This legislation is identical to the language drafted by the Treasury Department and endorsed last year by the Obama administration. Specifically, the legislation raises the member business lending cap to 27.5% of total assets for credit unions including those that are well capitalized; are at or above 80 percent of the current MBL cap for one year prior to applying for the higher cap; have five or more years of MBL experience; can demonstrate sound underwriting and servicing based on historical performance; have strong management, adequate capacity and policies to manage increased MBLs; and receive approval from NCUA. Under provisions of the new Udall bill, growth of a given credit union's MBL portfolio may be no more than 30% annually.

This legislation could bring 140,000 new jobs and $13 billion of new small-business lending into the economy nationwide, according to updated research figures from CUNA. The economic benefits come at no cost to taxpayers. CUNA also sent a letter of support (addressed to Senators Udall, Snowe and Schumer) to all senators. The letter recaps the 100-year history of credit unions’ serving the credit needs of their small-business-owning members, and how it was just since 1998 that an "arbitrary statutory cap" was imposed.

Action AlertWhile it is expected that a companion bill will be introduced in the House in the coming weeks, right now the focus is on the Senate as it is the highest hurdle. To overcome that hurdle, the bill will need the support of more senators, especially Republican senators. This can be done, but it will take the renewed effort of credit unions throughout the country. Please send a message to the two Georgia senators today here asking for their support of credit union member business lending. If you reside outside of Georgia, please click here to send a letter to your respective state’s senators.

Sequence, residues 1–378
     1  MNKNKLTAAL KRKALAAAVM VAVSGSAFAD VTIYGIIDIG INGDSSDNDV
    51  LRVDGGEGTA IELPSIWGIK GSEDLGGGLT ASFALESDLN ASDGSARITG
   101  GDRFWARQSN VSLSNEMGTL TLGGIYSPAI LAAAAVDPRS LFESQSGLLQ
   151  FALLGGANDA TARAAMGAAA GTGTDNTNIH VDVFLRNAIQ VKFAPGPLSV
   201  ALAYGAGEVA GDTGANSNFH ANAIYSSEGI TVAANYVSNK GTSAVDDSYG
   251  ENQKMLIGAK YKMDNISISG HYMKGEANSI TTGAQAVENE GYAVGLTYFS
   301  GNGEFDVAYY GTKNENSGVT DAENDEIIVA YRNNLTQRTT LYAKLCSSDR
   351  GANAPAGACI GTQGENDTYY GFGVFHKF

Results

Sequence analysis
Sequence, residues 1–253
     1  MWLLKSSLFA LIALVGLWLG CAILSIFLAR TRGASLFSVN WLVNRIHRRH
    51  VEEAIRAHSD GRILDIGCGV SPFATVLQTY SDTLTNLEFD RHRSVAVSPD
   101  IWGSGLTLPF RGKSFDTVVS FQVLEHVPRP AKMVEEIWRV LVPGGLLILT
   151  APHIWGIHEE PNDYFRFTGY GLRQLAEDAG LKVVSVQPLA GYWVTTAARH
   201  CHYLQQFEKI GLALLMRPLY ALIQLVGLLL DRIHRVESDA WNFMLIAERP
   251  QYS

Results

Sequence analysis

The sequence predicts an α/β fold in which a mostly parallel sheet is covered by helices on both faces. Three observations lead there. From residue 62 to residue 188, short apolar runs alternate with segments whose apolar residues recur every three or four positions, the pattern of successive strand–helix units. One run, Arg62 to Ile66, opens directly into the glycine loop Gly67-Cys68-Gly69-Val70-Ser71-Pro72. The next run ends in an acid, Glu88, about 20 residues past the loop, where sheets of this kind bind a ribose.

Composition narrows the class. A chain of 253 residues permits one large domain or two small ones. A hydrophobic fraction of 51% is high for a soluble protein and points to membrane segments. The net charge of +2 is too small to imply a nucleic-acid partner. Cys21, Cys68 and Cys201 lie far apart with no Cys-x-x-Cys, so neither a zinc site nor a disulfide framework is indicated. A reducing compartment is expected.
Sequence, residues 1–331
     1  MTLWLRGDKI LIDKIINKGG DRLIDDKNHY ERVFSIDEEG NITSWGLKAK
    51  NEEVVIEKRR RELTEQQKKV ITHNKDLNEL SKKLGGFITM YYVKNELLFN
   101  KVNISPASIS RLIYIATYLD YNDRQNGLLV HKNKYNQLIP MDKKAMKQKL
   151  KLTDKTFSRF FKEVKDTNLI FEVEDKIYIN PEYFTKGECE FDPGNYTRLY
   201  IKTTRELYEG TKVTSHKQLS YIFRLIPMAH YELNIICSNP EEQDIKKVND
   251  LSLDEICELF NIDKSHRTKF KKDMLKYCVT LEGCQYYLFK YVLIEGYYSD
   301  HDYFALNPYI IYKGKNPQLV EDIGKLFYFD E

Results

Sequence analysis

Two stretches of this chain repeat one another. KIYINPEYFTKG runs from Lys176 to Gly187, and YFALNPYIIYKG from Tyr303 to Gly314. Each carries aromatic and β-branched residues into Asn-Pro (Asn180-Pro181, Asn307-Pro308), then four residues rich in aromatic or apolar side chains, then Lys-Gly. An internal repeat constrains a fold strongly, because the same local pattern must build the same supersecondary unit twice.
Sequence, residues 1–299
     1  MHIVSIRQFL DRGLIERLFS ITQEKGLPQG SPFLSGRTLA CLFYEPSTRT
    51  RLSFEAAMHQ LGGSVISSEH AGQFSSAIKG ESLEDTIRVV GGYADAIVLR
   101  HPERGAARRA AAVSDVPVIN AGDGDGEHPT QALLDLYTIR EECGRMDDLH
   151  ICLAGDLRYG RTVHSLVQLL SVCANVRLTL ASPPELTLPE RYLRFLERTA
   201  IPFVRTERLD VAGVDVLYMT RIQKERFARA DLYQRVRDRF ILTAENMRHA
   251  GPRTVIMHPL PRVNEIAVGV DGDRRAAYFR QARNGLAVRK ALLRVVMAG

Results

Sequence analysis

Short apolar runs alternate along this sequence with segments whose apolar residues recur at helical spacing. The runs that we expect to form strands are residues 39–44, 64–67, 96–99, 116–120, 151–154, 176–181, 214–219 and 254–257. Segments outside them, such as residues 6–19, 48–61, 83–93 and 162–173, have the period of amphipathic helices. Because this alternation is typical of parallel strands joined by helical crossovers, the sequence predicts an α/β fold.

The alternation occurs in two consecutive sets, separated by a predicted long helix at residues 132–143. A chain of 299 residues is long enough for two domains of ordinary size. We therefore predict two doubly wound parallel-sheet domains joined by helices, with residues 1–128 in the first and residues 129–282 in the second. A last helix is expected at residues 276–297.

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Interchange: CUs Moved the Needle in D.C. Last Week


Westmoreland
Credit union advocates meeting with U.S. Congressman Lynn Westmoreland during 2011 GAC

History may show that CUNA’S GAC was a key moment in the interchange debate shifting back towards small issuers like credit unions. The mantra of “Stop, Study and Start Over” was heard throughout the halls of Congress as credit unions helped tell the consumer and small-institution concerns over the interchange issue.

Retailers continue to push for implementation of the proposed Fed cap of 12 cents by July 21st. The Fed-revised rule is currently due out the end of April. But the Fed has received thousands of letters on the proposed interchange rule (from all stakeholders including retailers), probably too many to process to meet the April rule deadline. We know at least 450 came from Georgia credit union advocates!